Borgen: Power & Glory review: As compulsive viewing as ever
Sidse Babett Knudsen10
Helen Archer | On 05, Jun 2022
Never seen the original Borgen? Read our review, plus where you can watch it online.
When Borgen first hit UK screens in 2012, it was a surprising success. Coming as it did hot on the heels of Nordic noir, we were already pumped for anything remotely Scandinavian. But, unlike The Killing, The Bridge et al, Borgen focussed on political intrigue rather than murders. While it seemed on paper a little dry, it was lit up by wonderful performances, well-rounded characters, and the pacing – if not the plot – of a thriller.
Those first three seasons, screened here from 2010-2013, tracked Brigitte Nyborg’s path to the premiership, and viewers were entranced with her ability to navigate tricky political situations with grace and aplomb, compromising without ever surrendering her core values. It was, of course, a different time, one where perhaps we were more prone to optimism within the political sphere, when change for the better seemed possible, and moderate politics were something we aspired to.
Almost a decade on, Nyborg is no longer juggling her career and her family. As her children have grown up and flown the coop – and her ex-husband is in a new relationship and about to become a parent again – Birgitte is able to give her all to her post of Foreign Minister of a coalition government, working with, if perhaps not for, Prime Minister Signe Kragh (Johanne Louise Schmidt). At TV1, meanwhile, we find Katrine (Birgitte Hjort Sørensen) taking up her new role as Head of News, while her young family is being looked after by her communist firebrand other half Søren Ravn (Lars Mikkelsen).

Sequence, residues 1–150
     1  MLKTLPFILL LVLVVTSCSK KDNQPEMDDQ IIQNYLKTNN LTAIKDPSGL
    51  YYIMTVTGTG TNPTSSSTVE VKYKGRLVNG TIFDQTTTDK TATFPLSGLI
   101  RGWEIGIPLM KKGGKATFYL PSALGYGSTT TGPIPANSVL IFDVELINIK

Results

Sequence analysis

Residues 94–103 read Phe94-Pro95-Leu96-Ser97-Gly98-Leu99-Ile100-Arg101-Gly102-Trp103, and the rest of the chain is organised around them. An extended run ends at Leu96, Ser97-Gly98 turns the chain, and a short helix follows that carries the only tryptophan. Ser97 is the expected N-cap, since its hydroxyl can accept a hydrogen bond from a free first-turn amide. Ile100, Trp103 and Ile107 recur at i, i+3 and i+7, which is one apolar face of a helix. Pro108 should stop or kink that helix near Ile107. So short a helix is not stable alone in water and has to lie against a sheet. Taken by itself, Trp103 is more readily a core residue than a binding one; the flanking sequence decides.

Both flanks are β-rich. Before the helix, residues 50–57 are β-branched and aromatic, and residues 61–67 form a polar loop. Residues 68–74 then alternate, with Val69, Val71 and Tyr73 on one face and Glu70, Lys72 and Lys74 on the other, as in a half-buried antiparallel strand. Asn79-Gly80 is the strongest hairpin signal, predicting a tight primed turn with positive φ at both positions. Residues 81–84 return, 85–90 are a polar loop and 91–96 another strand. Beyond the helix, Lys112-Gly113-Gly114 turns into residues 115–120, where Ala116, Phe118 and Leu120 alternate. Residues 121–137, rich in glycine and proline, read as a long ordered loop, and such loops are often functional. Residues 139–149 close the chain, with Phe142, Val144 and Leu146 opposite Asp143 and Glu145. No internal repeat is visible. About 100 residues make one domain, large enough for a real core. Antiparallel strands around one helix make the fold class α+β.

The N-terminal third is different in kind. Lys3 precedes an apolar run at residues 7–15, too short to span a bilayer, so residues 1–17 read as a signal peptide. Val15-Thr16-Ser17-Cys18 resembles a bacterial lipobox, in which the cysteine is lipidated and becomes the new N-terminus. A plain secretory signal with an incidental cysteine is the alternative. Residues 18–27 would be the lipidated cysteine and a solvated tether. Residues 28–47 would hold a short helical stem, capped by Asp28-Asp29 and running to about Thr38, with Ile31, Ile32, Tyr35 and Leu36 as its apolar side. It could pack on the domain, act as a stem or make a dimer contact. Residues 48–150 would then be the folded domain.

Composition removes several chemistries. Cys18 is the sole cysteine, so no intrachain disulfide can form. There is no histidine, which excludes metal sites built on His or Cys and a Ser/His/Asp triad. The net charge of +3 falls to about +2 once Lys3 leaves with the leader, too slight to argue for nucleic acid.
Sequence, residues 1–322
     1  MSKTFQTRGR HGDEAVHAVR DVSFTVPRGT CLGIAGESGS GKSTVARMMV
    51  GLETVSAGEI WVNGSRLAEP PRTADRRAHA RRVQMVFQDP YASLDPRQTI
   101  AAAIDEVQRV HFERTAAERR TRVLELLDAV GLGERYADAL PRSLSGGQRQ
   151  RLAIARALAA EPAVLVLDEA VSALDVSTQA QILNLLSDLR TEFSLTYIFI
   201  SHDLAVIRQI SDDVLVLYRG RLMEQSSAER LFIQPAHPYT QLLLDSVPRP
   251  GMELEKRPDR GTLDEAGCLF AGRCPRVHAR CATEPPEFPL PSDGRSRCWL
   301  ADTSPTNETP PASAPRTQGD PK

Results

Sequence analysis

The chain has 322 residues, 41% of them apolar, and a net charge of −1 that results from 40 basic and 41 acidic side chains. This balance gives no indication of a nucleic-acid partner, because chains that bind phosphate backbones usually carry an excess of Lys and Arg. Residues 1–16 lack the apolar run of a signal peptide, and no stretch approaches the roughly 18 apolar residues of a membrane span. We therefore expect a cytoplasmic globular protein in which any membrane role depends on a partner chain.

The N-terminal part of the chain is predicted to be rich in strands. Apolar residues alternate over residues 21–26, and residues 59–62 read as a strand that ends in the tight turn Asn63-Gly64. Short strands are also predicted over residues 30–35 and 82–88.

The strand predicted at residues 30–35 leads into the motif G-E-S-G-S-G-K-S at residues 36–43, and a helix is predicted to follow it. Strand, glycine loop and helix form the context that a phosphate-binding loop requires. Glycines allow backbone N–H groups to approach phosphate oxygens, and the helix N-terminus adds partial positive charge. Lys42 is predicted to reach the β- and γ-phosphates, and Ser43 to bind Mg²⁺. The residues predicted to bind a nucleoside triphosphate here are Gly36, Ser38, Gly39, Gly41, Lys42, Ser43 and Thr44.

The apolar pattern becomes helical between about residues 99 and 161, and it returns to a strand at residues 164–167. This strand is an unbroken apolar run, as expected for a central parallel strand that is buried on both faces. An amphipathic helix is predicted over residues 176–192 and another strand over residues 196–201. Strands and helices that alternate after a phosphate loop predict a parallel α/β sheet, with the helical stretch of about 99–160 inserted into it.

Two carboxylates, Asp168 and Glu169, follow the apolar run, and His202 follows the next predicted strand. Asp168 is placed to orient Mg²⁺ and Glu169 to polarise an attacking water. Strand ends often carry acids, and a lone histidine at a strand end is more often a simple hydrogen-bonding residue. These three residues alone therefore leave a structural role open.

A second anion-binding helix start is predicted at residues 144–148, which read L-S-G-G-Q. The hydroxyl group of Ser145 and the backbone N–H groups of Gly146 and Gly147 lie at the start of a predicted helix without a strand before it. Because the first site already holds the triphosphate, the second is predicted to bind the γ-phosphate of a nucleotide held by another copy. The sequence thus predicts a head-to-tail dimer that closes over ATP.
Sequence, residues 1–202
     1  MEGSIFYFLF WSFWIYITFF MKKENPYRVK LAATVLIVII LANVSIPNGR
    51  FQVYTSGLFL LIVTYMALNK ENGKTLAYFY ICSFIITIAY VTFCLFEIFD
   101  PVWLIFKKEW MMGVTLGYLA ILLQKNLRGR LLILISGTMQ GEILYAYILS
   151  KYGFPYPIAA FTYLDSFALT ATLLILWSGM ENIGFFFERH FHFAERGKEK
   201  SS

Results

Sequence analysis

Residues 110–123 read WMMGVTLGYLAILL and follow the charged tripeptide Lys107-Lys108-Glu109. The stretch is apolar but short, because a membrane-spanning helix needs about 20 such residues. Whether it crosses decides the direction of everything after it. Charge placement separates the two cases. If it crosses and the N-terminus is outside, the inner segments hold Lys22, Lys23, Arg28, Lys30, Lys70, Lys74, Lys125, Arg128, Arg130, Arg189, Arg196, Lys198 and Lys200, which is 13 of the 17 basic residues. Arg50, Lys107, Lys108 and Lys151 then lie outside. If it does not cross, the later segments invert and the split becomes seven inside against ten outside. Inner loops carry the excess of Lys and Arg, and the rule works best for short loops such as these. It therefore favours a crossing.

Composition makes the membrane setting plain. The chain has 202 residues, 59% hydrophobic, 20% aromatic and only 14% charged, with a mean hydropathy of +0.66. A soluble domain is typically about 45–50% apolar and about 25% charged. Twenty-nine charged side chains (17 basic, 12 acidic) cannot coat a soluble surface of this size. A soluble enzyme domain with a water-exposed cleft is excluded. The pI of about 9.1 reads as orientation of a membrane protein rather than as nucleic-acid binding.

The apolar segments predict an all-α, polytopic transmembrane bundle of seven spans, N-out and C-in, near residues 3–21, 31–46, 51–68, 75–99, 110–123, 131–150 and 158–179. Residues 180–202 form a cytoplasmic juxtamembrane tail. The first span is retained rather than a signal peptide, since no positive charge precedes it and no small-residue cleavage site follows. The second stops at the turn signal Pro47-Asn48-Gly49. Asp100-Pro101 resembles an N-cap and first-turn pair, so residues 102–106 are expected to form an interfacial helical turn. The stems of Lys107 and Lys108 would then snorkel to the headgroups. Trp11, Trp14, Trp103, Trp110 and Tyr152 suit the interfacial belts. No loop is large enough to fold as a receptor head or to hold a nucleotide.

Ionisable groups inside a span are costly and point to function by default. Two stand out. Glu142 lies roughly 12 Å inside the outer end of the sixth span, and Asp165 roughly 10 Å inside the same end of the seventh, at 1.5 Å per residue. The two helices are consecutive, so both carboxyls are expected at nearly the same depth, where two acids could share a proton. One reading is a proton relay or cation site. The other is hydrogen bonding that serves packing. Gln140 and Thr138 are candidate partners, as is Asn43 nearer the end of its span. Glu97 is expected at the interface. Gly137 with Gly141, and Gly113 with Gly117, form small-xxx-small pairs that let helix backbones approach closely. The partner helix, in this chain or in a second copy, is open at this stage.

The overarching plot of the fourth season revolves around the discovery of a massive oil field in Greenland. The Danish government finds itself attempting to fend off interest from Russia, China and the United States, while also navigating the tricky situation of Greenland using the oil as leverage for its independence. In Denmark, there is pushback from within Nyborg’s party, who, with their green credentials, are up in arms at the notion of the exploitation of fossil fuels, especially in such an unspoilt area of natural beauty.
So far, so diplomatic nightmare. But Nyborg is also dealing with the onset of the menopause and its various physical and psychological ramifications. This is very much a Birgitte who is struggling – shouting at her staff, taking advice from dubious sources, drinking too much, napping on the job and barely eating. Her relationship with her son Magnus (Lucas Lynggaard Tønnesen), an environmentalist who begins the season by emancipating some pigs destined for the abattoir, also becomes strained, deteriorating as the series goes on.
It is difficult to see such a beloved character struggling, but especially as she starts acting against character – a character so well-loved that her baffling U-turns become something of a betrayal, not just to her colleagues but also the viewer. But there are other sources of confusion. The Greenlandic characters are so sketchily drawn as to be insulting. Serious plot points remain unresolved and almost forgotten about. A suspicious death, which seems like it belongs in a different type of Scandi noir, makes it look like we’re going down one route, only for it to be dropped without fanfare or care. Season 4 can prove to be a frustrating watch for Borgen fans.
And yet, somehow, despite its failings, it remains as compulsive viewing as ever. The peripheral characters – Nyborg’s inner circle, along with many familiar faces in the TV1 newsroom – have believably delicate relationships; discussions about the pitfalls of power are nuanced even in their generality. There is subtle humour and warmth in the depictions of family and office politics. And, as ever, Sidse Babett Knudsen holds it all together with her portrayal of a woman navigating a seismic shift in both her personal and political life. While 10 years is a long time in politics, it’s almost as though Borgen has never been away.